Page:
After taking a lengthy break from acting, Rene Russo received critical acclaim for her supporting role opposite Jake Gyllenhaal in the 2014 thriller 'Nightcrawler,' for which she received the Best Supporting Actress prize at AARP's 14th Annual Movies For Grownups Awards Gala in Beverly Hills, on Monday, (Feb 2nd).
Russo was very emotional while accpeting the Best Supporting Actress Award
The 60-year-old star, who was clearly shocked when her name was called out, then delivered a heartfelt and emotionally charged acceptance speech that revealed some of the darker times in her life.
Continue reading: Rene Russo Delivers Very Emotional Acceptance Speech, Thanks High School Teacher That Kept "Me From Killing Myself"
A gently comical undertone makes this thriller even creepier than expected, bolstered by sharp writing and directing from Dan Giloy and an especially clever performance from Jake Gyllenhaal. Comparisons to Taxi Driver have been obvious, as the lead character is a potentially dangerous sociopath on a very personal quest. And the film also taps into the current zeitgeist: how the media panders to a public that increasingly screams for blood. It's a thoroughly unnerving film that often feels more like a very grim satire than a proper thriller.
Gyllenhaal plays Lou Bloom, a loner who is desperate to make his mark on the world. Searching for something to do, he stumbles across the people who prowl the city streets after dark in search of an event they can film and sell on to a TV news outlet. Learning from a veteran (Bill Paxton), Lou gets his own camera and a police scanner and starts chasing car crashes, house fires and violent crimes all over Los Angeles. And when he finds that TV news director Nina (Rene Russo) wants to buy his footage, he hires Rick (Riz Ahmed) as an assistant, getting even more aggressive about arriving on the scene before the competition. But Lou isn't willing to settle for that, and starts manipulating the news to get even better stories.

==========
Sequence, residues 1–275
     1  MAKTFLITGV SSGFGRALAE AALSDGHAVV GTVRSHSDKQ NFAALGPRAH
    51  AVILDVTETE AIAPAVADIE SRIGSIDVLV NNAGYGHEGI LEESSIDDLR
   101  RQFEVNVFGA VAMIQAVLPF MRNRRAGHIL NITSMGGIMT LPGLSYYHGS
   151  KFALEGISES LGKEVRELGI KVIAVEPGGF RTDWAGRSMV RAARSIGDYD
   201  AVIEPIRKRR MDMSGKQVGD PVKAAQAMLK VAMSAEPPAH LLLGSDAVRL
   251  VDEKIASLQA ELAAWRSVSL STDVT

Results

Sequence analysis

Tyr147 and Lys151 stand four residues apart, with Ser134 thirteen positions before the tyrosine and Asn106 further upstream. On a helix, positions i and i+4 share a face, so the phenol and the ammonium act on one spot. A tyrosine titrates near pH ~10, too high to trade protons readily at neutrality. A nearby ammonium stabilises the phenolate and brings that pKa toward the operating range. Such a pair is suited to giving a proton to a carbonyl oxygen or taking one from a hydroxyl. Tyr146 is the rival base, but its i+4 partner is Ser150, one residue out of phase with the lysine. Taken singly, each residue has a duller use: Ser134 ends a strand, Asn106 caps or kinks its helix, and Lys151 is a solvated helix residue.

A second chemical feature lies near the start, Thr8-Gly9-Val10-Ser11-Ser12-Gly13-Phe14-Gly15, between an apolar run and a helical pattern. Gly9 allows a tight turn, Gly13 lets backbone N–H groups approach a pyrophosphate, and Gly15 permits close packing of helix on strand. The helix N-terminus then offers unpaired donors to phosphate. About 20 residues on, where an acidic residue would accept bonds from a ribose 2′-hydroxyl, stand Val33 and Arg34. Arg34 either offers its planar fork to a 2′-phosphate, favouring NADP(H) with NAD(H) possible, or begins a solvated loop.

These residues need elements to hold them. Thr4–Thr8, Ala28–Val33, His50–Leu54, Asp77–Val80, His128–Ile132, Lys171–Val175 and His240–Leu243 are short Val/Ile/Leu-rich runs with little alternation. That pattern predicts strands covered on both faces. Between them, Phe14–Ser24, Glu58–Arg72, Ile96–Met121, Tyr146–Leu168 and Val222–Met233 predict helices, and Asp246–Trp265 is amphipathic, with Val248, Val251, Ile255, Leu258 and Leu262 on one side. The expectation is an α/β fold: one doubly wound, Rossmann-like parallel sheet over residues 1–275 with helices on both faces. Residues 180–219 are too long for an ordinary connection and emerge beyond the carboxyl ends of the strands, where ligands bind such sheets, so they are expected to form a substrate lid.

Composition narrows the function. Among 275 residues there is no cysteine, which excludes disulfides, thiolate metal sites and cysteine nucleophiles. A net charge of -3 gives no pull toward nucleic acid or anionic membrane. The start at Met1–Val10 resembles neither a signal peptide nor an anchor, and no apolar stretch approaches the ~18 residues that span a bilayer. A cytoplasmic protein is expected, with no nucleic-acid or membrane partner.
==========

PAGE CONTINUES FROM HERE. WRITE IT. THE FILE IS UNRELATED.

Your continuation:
Where this goes from here is pretty unimaginable, as Lou reveals himself to be utterly unencumbered by any hint of a moral compass. Of course, this is a central theme of the movie, as it explores the way audiences clamour for more explosive footage, which pretty much eliminates any sense of human decency in the way events are covered. Gyllenhaal portrays Lou as gaunt and hungry, but with an eerie charm that lets him get away with each audacious manoeuvre. Watching him snap at anyone who crosses him is truly terrifying. Although the way he quietly manipulates situations is even scarier.